I have to disagree with Nick. I don’t think this review was particularly good. Why? WildSnow already has a comprehensive coverage of different avalanche airbag systems, and discussion about their pros and cons. This review does not take that into account at all. As a standalone review, fine, but the editors should have picked up on the this, as the author is a guest writer and cannot be expected to have the full history of this topic on WS. As such it would have been much more useful to have a review of the 40L zip-on only, and have it be more thorough.

    The argument about the loading straps going across the avy compartment zipper is bollocks. These straps are easily undone in seconds, even with mittens on. Using the main compartment for avy gear would in comparison have you open two buckles and two draw cords, way more time consuming and error prone. I do however agree with the this compartment wasting valuable space, and putting the main load of the pack further from your back.

    I have some additional experiences that are not touched upon in the review, but that might be of interest to somebody considering getting this zip-on:
    -the fabric is not waterproof at all
    -the buckles are very soft, and seem flimsy
    -the easy access zipper of the main compartment does not close all the way leaving a small opening in your pack
    -the top has no elastic, and the design of the straps is such that it covers the top loading opening badly when the pack is not full
    -compression straps only on the upper part of the pack

    Since this review does not only cover the zip-on, I’ll also include a major gripe I have with the ABS base unit. The buckles of the crotch strap very easily fill with snow/ice up, making it hard to properly attach the potentially life saving strap.

    Unlike the author I find the base unit to fit my back comfortably, and don’t mind the additional weight. The hip belt seems to be made for severly overweight people though…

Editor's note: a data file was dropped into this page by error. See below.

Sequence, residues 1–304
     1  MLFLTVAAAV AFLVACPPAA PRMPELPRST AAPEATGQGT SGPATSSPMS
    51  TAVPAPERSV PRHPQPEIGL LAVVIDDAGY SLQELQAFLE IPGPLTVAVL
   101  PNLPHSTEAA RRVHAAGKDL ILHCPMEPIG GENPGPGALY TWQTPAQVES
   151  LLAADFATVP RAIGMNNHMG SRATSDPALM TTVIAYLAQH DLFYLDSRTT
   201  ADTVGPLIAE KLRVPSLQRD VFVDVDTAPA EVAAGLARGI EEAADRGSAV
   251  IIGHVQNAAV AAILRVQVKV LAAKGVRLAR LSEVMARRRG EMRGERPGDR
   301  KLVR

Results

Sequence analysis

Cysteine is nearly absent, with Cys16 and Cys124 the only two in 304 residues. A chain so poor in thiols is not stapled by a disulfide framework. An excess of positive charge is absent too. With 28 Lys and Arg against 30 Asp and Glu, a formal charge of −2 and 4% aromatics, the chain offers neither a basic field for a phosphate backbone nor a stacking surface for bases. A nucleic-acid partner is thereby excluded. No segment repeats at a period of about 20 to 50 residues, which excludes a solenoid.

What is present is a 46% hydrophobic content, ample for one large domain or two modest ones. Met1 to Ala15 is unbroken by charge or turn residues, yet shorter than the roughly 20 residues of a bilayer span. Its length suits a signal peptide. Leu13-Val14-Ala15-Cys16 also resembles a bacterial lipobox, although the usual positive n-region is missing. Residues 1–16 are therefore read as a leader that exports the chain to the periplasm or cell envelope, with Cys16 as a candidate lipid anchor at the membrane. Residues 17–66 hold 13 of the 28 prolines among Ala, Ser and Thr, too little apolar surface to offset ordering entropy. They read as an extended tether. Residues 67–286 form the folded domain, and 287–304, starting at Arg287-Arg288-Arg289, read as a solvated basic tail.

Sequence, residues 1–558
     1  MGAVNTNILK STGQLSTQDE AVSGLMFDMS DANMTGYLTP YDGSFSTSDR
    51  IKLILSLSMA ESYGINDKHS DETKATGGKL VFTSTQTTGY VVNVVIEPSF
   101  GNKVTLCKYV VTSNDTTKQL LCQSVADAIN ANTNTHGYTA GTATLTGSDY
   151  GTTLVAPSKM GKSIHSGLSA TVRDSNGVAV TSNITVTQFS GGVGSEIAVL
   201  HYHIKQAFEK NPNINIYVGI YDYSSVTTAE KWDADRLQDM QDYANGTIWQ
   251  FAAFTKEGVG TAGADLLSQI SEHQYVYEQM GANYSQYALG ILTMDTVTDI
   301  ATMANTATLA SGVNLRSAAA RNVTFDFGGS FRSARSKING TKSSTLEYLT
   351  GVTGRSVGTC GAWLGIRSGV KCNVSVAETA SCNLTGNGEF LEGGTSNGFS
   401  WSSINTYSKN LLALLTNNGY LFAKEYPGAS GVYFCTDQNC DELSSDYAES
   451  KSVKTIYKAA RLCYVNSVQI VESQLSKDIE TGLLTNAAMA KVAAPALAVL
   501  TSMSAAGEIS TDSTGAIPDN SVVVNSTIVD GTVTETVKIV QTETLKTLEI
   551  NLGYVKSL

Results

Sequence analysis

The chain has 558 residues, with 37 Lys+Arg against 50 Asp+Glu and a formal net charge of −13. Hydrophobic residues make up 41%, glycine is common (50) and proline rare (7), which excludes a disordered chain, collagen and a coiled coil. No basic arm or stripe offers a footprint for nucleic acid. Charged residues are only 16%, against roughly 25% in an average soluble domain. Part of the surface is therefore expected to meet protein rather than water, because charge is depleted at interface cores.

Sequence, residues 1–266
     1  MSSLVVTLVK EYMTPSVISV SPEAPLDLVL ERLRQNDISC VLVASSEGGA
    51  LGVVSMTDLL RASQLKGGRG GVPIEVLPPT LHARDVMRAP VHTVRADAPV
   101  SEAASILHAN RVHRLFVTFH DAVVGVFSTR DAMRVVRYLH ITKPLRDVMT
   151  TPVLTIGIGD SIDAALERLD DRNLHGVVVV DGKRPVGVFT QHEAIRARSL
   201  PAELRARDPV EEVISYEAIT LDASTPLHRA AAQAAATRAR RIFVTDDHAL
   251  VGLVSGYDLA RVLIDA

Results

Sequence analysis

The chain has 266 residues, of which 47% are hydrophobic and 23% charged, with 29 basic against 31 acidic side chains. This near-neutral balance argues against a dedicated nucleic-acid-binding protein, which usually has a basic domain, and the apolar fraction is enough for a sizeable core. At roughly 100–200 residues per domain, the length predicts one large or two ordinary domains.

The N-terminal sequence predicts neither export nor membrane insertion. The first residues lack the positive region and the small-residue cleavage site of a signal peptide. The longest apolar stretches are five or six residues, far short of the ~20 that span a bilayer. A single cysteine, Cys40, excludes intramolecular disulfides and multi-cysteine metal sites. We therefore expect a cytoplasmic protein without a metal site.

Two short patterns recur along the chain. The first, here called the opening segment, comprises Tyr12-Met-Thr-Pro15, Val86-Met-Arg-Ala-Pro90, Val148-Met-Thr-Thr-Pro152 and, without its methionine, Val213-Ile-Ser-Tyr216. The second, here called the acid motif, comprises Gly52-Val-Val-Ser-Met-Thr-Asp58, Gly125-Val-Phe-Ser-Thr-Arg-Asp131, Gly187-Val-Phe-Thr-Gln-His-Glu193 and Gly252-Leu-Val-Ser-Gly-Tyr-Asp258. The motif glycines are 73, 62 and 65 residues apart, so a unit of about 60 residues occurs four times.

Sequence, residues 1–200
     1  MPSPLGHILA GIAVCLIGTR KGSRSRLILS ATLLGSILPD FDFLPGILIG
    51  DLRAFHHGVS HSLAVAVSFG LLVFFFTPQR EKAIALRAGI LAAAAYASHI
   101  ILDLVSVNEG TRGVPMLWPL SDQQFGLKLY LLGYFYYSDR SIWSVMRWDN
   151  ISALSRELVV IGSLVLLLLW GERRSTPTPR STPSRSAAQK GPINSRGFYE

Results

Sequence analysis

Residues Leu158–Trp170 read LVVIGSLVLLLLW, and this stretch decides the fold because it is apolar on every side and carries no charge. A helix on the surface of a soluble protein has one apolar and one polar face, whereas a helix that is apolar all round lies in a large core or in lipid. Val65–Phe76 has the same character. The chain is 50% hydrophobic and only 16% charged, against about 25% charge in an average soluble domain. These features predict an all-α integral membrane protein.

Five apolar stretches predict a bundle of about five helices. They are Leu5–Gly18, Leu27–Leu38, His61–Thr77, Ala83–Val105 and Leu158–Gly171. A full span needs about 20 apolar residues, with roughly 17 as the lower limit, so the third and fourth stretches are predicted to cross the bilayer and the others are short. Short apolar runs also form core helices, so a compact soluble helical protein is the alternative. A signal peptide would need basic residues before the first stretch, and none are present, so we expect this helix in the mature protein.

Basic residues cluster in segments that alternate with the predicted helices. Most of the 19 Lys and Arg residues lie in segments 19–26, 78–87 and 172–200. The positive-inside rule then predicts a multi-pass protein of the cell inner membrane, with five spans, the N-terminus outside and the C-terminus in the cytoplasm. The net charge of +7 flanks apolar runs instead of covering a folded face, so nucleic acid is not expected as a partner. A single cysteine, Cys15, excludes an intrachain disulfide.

8. Lou Dawson March 18th, 2013 7:00 am

    Jeremy, what’s you’re fallback plan if the airline doesn’t want to check the filled cartridge? Skip the flight? Toss it in the trash? Let us know. Thanks, Lou

  9. Chris March 18th, 2013 8:55 am

    Hi Lou, and everybody else still mystified about airtravel and airbag packs.

    As stated by the IATA (International Air Transport Association) it is legal to carry an avalanche airbag cartridge on a plane. Either in your carry-on or in the checked piece.
    Extract from the IATA website:
    “Passengers may carry certain articles even though the article contains dangerous goods. Parachutes themselves are not restricted. Some parachutes are fitted with an automatic activation device (AAD), e.g Cypres, which contain small quantities of explosive material. Most of these are not classified as dangerous goods and are not restricted in passenger baggage.

    Avalanche rescue backpacks are authorized if they do not contain more than 200 mg net of explosives in Division 1.4S and / or not more than 250 milliliters of compressed gas in division 2.2.”

    Full text can be found here: http://www.iata.org/whatwedo/cargo/dgr/Pages/faq.aspx